The War Of The Worlds Review
A throwback in both its genre of game and the subject material it’s adapting, Other Ocean Interactive‘s The War of the Worlds feels like a game with good intentions. It is an atmospheric, two-dimensional platformer, and it brings narration from the main character courtesy of acclaimed actor Patrick Stewart. Unfortunately, that turns out to be all the game really has going for it.
Based to some extent on the classic science fiction novel, the game chronicles the journey of one man in England during a savage invasion by armies from Mars, complete with gigantic, man-trampling war machines and body-disintegrating heat rays. The War of the Worlds attempts to give an objective and a plot to the man’s journey by having Stewart narrate from his point of view, detailing his attempts to survive in a martian-infested 1950s London which has been reduced to rubble. His search for his brother and his fiance is a focus of the storyline. Stewart delivers a decent performance with what he’s given, but there’s not much to it – the cast aside from him is silent, and there is next to nothing in the way of traditional cut scenes to deliver what could have been an engaging story.
The actual gameplay consists of a lot of running and jumping around, either to climb over ruined buildings, flee from martians, or do both at the same time. It’s here where the game really starts to stumble, because not only is there not enough originality or polish to keep things fun, but what is there is very limited in terms of mechanics. Some of the martian robots you encounter vary in size, appearance, and movement, but it still always comes down to just trying to stay away from them as much as possible.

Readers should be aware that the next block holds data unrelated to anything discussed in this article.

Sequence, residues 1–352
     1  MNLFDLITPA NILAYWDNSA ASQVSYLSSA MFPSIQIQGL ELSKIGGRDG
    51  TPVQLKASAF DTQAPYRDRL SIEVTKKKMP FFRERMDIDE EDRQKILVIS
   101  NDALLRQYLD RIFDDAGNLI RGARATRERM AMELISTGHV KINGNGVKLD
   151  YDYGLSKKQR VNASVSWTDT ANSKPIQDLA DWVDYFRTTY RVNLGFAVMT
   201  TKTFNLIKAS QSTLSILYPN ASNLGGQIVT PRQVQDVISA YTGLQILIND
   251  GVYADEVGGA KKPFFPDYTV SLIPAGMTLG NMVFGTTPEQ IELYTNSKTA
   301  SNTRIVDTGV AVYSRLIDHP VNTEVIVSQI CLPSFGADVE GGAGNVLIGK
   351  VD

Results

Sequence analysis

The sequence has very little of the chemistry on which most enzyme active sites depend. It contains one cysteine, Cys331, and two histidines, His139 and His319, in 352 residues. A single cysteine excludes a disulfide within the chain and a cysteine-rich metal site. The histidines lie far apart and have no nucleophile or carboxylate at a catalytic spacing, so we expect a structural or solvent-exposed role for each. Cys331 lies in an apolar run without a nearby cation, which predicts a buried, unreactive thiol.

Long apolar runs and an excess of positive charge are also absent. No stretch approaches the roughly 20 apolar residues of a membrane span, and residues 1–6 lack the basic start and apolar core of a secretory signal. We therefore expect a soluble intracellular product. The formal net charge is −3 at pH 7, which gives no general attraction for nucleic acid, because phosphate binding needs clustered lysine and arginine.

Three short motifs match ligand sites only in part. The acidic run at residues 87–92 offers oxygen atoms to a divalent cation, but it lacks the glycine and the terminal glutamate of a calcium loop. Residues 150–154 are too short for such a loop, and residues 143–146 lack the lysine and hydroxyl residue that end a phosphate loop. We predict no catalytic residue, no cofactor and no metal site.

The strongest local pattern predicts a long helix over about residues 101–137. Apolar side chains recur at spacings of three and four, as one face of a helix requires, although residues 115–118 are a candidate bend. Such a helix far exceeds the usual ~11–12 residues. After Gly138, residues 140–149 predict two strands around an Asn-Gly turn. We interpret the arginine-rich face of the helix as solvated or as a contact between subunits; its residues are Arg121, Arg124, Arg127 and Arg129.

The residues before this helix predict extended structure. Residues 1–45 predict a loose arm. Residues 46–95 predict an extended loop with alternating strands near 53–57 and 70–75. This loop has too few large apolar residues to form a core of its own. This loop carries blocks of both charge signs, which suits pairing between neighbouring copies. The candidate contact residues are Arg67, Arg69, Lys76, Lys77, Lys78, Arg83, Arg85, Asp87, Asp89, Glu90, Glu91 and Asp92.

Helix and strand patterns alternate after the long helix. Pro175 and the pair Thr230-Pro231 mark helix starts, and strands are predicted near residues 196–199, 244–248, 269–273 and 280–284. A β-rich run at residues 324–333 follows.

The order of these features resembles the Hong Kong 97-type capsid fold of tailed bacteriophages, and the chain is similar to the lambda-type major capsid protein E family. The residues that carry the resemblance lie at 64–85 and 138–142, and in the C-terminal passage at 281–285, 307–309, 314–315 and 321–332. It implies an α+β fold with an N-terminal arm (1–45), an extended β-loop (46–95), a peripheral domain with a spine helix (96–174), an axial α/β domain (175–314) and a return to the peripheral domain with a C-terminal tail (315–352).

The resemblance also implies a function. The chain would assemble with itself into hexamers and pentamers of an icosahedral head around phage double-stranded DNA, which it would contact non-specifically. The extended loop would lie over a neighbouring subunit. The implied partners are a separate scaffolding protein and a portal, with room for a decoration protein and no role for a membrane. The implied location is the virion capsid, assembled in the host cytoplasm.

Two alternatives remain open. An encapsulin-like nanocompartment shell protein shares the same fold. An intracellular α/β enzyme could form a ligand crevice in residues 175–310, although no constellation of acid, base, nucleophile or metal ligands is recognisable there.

Its controls are simple enough that there should be no problems, with either the analog stick or the D-pad controlling movement and buttons for running and jumping. Though, when it comes to jumping through holes in walls or grabbing onto the top of structures, the game is too strict on where you have to land to count as a successful move. I found myself having my character fail to grab the edge when it seemed like I had jumped close enough to it. He would also stop and fall when jumping towards walls, acting as if they were one hundred percent brick facades.
To make matters worse, the checkpoint system and artificial difficulty brought on by the controls bring far too many deja-vu moments in the game. In the second stage alone, a two-minute section involving running and hiding from a huge martian machine and its heat ray took me over an hour to complete. I wasn’t able to unlock a checkpoint until finally pulling off a continuous running and jumping sequence which was over a minute long. The game is not very clear about the location of good hiding spots when the ray is fired. Getting a respectable distance away, only to get killed and start at the beginning over and over became infuriating. Worse yet, any narration that has already been said will be repeated if you have to play through its section again, which guarantees that players will soon tire of Stewart’s voice.
It’s a shame that the problems here are so immense because, with some additional development time to correct these issues, The War of the Worlds could have been a decent little game. Unfortunately, the final product is nothing more than an exercise in frustration that will push everyone’s buttons, and cannot be recommended.
This review is based on an Xbox 360 copy of the game which we received for review purposes.
The controls are unforgiving, deaths feel cheap and checkpoints are sparse. Basically, there's not much enjoyment to be found here.